Professor Rajiv Sinha from the Department of Civil Engineering at the Indian Institute of Technology, Kanpur visited IHRR and the Department of Geography as a COFUND Senior Research Fellow based at St Aidan’s College. He is one of the most visible Indian scientists in the areas of fluvial geology, river science and river related hazards. Since the tragic Kosi flood in 2008, he has been the most prominent researcher in this area, pursuing several lines of activity ranging from river dynamics and flood risk to flow modelling and sub-surface stratigraphy. This has led to a series of significant publications both in scientific journals as well as in popular science magazines which have been received very well by the geosciences community.
During the fellowship Rajiv worked on the development of a policy brief for hazard management in the Kosi region in the north Bihar plains in India, building on existing stakeholder engagement at both the governmental and community level. He has also integrated available data to produce flood hazard and risk maps, and design flood mitigation strategies. In collaboration with colleague Professor Alex Densmore, a project leader on the Earthquakes without Frontiers project, Rajiv explored ways to build resilience to flood hazards through community participation.
In this interview Rajiv talks about the unique dynamics of the Kosi River that flows through Bihar (India) and Nepal, and what can be done differently to manage the river and mitigate future floods.
What makes the Kosi River unique?
The first thing to remember is that the Kosi River does not flood in a classical way via typical overbank flooding. Typically a river floods when the banks are full and it over-floods. That’s not what happens with the Kosi. If you look at the historical records, most of the Kosi floods have happened because of a breach in the embankment, at least in the last 30-50 years, which means floods are not always associated with a high discharge event. Because it’s a dynamic system it oscillates from one side to the other. The point where the embankment was breached in August 2008 was vulnerable for some time.
Why is it important to ‘know the river’ for managing it?
If you don’t understand the river processes well then you cannot design a sustainable strategy for river management. The river dynamics and the flooding are so intricately interconnected that you have to understand the connection between the two to develop a sustainable strategy. In the case of the 2008 flood, the river flowed into a paleochannel which was low capacity and heavily silted; the discharge was not very high but too large for a two metre wide channel resulting in inundation of large areas which were not flooded for the last 100 years. On the other side of the river there was also a seepage channel that was there for many years. The embankment was eroding on both sides, and there was a significant elevation difference between the river bed and the embankment that created the cross valley gradient to cause the breach.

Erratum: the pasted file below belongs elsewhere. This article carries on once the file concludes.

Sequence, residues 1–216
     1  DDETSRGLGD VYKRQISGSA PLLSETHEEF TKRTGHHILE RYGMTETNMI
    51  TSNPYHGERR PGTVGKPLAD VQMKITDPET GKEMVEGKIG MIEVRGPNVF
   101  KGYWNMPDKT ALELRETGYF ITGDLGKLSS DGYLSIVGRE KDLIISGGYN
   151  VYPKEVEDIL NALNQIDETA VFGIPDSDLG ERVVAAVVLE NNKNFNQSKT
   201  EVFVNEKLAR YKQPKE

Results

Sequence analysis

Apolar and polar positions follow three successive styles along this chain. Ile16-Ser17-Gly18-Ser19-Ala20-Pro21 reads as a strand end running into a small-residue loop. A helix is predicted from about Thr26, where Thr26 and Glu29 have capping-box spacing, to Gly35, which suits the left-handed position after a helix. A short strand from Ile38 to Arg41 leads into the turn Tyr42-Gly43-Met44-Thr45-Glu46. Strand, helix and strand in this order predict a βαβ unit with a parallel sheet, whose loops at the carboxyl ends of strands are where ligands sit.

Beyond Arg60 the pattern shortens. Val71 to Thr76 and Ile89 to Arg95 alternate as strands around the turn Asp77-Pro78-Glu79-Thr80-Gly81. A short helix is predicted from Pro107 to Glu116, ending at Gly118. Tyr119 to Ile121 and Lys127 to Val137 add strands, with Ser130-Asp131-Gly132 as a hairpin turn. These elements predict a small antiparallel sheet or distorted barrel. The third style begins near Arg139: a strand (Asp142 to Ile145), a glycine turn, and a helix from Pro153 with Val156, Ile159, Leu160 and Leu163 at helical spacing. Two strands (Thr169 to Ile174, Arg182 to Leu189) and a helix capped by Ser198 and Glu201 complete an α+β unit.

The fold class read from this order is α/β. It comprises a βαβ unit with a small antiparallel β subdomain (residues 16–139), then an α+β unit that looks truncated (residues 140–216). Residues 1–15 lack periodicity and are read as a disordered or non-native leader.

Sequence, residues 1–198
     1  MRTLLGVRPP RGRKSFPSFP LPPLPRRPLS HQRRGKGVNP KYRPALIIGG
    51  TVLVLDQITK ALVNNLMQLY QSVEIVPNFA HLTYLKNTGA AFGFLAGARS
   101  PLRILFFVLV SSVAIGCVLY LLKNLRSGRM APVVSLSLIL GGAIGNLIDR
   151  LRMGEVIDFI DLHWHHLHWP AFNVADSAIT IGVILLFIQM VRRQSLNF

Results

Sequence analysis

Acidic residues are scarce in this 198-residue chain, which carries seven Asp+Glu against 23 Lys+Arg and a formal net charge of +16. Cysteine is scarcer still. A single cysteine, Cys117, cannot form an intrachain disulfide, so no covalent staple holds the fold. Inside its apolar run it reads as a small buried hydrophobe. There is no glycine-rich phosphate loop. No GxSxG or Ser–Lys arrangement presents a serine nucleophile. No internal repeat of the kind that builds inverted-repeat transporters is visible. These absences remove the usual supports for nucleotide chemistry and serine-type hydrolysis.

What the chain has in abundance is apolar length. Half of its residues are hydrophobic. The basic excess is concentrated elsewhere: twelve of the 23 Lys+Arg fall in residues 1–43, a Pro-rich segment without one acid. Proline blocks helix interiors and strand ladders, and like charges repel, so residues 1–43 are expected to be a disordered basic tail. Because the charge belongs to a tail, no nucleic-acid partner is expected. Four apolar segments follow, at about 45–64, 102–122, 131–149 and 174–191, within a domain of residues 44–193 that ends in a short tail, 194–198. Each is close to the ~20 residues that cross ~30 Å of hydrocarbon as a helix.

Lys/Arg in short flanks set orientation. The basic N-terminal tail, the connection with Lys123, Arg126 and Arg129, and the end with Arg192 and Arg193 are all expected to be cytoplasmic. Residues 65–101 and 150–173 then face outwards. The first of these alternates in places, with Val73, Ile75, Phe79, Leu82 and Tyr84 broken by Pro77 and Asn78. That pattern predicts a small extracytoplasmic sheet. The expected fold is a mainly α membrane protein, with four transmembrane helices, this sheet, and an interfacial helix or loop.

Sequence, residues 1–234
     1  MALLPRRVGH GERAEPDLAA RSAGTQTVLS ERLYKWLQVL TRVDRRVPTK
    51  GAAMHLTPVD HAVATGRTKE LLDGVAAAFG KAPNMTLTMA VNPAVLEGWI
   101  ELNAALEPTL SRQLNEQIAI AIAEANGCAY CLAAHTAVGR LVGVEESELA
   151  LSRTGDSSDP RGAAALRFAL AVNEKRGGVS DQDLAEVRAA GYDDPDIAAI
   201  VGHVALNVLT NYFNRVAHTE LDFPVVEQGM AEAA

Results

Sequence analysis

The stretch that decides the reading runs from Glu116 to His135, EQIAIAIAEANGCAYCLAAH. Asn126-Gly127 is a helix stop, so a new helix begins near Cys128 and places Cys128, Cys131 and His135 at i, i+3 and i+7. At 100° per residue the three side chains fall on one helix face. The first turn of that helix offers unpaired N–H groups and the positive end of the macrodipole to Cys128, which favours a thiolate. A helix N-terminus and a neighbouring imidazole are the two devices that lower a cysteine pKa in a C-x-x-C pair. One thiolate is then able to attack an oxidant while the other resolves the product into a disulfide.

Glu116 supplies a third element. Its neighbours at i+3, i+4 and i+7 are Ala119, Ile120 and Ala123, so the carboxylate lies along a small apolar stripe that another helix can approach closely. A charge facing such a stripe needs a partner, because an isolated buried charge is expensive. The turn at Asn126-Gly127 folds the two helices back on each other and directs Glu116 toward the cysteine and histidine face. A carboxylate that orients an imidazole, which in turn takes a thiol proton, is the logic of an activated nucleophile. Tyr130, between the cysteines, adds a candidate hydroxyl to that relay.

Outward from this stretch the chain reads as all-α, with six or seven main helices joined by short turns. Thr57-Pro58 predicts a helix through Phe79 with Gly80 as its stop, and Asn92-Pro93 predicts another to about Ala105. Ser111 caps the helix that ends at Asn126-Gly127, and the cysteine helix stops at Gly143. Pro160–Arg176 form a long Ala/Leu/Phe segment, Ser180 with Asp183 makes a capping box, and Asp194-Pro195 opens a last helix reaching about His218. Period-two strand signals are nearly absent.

What about the influence of climate change on the Kosi?
Most rivers will have a much modified hydrograph because of climate change. There will be change in the frequency as well as the magnitude of flooding. Even if the discharge remains the same there will be a shift in magnitude and frequency of flood events.
As the Kosi is located in a region known to be tectonically active how might this affect flooding on the Kosi?
There is no specific evidence of tectonic events affecting the Kosi. Although the area is active tectonically and there were recent earthquakes, including two that happened very close. However, no direct correlation between river dynamics and tectonics. There are tectonic events in the hinterland resulting in frequent landslides and large-scale sediment production that are eventually pushed into the river by heavy rainfall.
How old is the Kosi River?
At this time we do not know its exact age and are still struggling to find out how old the land form is. We have taken sediment cores down to 50m and the data suggests that the river sediments are at least ~50 thousands years old.
What is the significance of the Kosi River’s megafan?
The Kosi megafan is 200 km wide and has been built through frequent lateral migration of the river distributing sediments over large areas. The Kosi megafan has been built over a geological time period through this process and the river has been swinging from one side to the next over historical time period as well. However, the construction of embankments on both sides of the river during 1955-56 has halted the megafan development.
What about local knowledge of the Kosi River?
Before the embankments were made people were living there along the Kosi. They knew how much the river would shift and flood etc. So they knew when to leave, when to come back and so on. They were living with the floods in many ways. Now little of that local knowledge remains today. Since the embankments have been made (10km wide), a false sense of security has been created. Moreover, there are still villages within the embankments and they are under constant threat.